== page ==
It sometimes fascinates me to watch people literally lose their shorts when they realize they have little to no control over something. This instant gratification world we live in has taught us that we can order up just about anything, on demand. From coffee and movies to answers and recipes and most anything in between. But, then, lightening strikes and all bets are off. You realize quickly that you're simply not the boss. You have no power literally and figuratively.
If you live in areas prone to hurricanes and tornadoes you know how to prepare for a storm. You've been through them and know the essentials needed. You've been taught to supply yourself with at least 3-7 days worth of water, food and medication for your family. You know that you will need a battery operated radio, batteries, flashlights, lanterns and anything else that will sustain you until all of your faculties are restored. You spend days in preparations and in the end you understand that you are no match and are powerless over Mother Nature.
So, why aren't you preparing for the little storms? You know the ones that aren't named until after the fact ( named by you because of the inconvenience ). The ones that generally happen at the most inconvenient time, leaving you feeling helpless and lashing out at power companies as if they have some sort of control over the furry that was just left behind. Why is it that you haven't stopped to think that if your local power company is out restoring electricity and Internet that this has also happened to them? That every single worker just left their family...in.the.dark. to tend to yours. That those power companies you are calling incompetent all over social media because you've been without power for 4 hours, are waiting for trees and other debris to be removed so that they can safely take restorative action and ultimately go home to their wife, husband and children.
Why do we only prepare for the big named storms like hurricanes or take preventative measures when we live in tornado prone areas? Did Mother Nature ever say that it wouldn't produce a hellacious winter or summer storm splitting trees in half or electrifying, with one bolt of lightening, a power transformer ? Did Mother Nature ever say it will only pick one specific area to unleash it's wrath? Nope. Not even close. The fact is when a storm comes it hits multiple areas, so the good news is that you aren't sitting in the dark alone *wink*. The family 10 miles away is experiencing the same thing you are and hopefully they aren't outside cussing out a line worker instead of handing him a bottled water or taking to social media and making themselves look ridiculous because they think the power grid only revolves around them.
We know storms happen. And, we know that some of the littlest storms can have the biggest impact. If you are not prepared then that is on you. In many cases we've all been through them before. This isn't something that just started happening in 2019. The best thing that you can ever do for yourself, family and sanity is to be proactive. Most of the time we know when severe thunderstorms are coming. Our handy little weather app often tells us " Rain likely" or "Severe Thunderstorms possible today". But, in the event one of these sneaky little suckers show it's ugly head, if you were proactive you would be able to prepare for the worst and hope for the best.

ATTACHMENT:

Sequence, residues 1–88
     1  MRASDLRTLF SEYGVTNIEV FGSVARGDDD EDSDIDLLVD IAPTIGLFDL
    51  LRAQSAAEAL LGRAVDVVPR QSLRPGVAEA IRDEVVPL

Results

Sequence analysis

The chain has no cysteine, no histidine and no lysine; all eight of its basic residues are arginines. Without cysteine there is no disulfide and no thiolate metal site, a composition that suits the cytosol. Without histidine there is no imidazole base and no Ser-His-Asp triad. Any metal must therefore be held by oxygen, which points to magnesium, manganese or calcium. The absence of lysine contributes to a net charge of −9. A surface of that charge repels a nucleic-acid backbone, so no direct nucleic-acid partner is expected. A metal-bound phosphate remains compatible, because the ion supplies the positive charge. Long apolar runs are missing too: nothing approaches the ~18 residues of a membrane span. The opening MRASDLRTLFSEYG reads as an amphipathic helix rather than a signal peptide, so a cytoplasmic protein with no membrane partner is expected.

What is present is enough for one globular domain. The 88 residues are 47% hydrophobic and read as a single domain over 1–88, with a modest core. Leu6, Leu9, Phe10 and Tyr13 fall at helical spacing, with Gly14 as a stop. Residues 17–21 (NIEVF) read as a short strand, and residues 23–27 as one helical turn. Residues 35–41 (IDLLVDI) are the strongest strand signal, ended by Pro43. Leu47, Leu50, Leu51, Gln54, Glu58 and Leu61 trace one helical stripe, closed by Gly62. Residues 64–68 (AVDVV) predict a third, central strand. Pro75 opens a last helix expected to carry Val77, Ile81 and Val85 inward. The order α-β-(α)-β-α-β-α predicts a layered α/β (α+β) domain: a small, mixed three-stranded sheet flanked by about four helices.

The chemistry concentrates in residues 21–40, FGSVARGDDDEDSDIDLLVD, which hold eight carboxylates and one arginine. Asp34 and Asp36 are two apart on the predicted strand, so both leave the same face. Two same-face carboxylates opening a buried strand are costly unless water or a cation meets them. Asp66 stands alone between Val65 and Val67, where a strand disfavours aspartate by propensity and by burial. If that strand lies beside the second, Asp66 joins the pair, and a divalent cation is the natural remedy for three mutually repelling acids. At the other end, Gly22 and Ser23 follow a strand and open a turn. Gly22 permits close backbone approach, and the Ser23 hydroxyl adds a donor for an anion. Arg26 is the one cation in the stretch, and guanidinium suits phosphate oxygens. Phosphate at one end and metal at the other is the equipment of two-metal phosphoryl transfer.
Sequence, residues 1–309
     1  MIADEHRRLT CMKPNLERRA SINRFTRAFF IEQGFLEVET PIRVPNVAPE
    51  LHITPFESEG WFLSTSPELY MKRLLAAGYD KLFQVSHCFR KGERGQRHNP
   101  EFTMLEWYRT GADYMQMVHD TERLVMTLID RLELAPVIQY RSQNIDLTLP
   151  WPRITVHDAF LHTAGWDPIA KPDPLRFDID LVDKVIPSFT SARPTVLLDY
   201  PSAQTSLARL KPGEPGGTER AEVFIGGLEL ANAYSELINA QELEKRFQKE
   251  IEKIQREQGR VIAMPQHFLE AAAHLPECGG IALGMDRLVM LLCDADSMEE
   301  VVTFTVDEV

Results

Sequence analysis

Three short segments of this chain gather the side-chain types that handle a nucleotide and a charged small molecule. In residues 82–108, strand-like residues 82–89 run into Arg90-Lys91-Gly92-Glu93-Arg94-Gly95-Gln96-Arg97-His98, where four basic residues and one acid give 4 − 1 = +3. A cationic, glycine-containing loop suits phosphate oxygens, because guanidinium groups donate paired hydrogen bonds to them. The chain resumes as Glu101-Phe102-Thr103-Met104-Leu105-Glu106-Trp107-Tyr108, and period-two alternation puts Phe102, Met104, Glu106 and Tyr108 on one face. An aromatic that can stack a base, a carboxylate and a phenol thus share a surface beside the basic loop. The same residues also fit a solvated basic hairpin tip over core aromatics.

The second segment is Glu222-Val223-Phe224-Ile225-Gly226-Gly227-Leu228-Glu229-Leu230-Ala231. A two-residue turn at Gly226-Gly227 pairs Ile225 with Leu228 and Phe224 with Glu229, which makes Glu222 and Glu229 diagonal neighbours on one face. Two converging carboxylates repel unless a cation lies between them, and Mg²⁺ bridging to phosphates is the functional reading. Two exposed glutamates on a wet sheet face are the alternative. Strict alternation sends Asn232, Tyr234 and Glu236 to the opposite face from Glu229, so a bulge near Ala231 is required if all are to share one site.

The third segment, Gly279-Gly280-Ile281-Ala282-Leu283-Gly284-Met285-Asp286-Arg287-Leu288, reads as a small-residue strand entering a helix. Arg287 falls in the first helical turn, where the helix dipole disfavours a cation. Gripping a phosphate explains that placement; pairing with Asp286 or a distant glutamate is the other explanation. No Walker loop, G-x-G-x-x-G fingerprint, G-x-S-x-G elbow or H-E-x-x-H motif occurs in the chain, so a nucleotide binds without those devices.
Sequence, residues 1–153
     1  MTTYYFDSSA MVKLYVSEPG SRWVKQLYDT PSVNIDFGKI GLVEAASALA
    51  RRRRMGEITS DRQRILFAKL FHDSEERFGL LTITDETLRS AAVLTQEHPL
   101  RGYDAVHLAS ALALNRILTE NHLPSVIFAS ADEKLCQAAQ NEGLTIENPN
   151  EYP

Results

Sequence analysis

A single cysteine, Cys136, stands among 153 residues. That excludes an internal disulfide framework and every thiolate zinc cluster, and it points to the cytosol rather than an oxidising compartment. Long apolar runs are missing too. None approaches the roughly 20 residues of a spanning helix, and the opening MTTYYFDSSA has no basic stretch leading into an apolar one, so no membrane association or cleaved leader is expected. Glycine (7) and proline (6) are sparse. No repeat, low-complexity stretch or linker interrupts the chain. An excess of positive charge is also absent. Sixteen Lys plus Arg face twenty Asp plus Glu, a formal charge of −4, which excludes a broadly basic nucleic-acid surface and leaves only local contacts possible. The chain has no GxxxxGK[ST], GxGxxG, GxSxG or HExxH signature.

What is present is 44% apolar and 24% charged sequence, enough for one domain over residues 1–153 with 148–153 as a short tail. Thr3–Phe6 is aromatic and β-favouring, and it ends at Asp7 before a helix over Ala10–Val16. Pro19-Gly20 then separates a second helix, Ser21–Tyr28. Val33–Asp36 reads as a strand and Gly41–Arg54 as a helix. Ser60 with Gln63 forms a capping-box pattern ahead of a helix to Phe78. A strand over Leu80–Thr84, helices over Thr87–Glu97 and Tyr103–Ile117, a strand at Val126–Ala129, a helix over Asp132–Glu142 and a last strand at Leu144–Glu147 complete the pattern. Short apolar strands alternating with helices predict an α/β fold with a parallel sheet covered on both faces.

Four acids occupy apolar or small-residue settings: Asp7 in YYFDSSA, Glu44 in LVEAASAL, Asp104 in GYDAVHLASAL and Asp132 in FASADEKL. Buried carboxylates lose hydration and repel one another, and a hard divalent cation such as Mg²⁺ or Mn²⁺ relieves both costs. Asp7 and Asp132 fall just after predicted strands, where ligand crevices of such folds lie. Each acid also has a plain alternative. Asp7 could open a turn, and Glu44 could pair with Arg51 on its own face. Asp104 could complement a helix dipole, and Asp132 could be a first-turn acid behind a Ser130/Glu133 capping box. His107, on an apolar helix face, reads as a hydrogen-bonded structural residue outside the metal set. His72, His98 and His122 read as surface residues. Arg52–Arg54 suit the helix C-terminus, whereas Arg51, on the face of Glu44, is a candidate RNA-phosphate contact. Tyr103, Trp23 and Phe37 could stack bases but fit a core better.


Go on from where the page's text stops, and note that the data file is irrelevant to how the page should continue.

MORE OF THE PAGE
How can you prepare ? It's rather simple :
- If you know severe weather may come sweeping through your area, keep your cell phone charged throughout the day. Always have a car charger handy or back up cell phone battery so you can easily recharge if needed.
- Have a plan in place of things you can do to keep yourself busy and your children. Create a storm bucket and fill it with games, puzzles, coloring books and crayons, yarn if you crotchet, etc to keep you and your family busy.
- If you are one of the lucky ones and don't lose water when you lose power, and it's hot outside, set up a sprinkler and lay under it. Create games for the kids. If you do lose water you should always have extra gallon jugs of water for drinking and sanitation.
- Always keep an extra can of propane or bag of charcoal handy so that you can cook on the grill or you can simply drive to an area that has power and eat.
- Keep some lanterns, batteries or candles within reach so that you have a way of lighting your home.
- Keep freezer and refrigerator doors closed to keep in the cold. The more you open them the quicker the temperature will fall. If you have been without power for some time and you fear losing food, go to a store and grab a few bags of ice, fill a large cooler and put your freezer items and those products that require refrigeration in there.
- Get a generator.
- Always have a first aid kit
- Always keep a stash of cash. Your immediate surrounding store may have power but may not be able to run credit cards. You can still get some needs if you have cash.
While this is a small list, it is meant to be that because smaller storms do not always yield what is needed for bigger storms that come through. If you are in an area that often gets storms equivalent to the effects of hurricanes, floods and tornadoes, then the best thing you can do to be proactive is to prepare for storms as if they were any of those. I found a great list that even areas who do not experience hurricanes can follow. It is HERE
Remember, be patient with your power company. Grab them a water if you see them in your area. Make them a cup of coffee. Their family, that they left, to attend to your power issue is probably also sitting in the dark. Respect them and show empathy for the fact that they are also tired and in most cases do not go home until power is restored, how ever long that may take.
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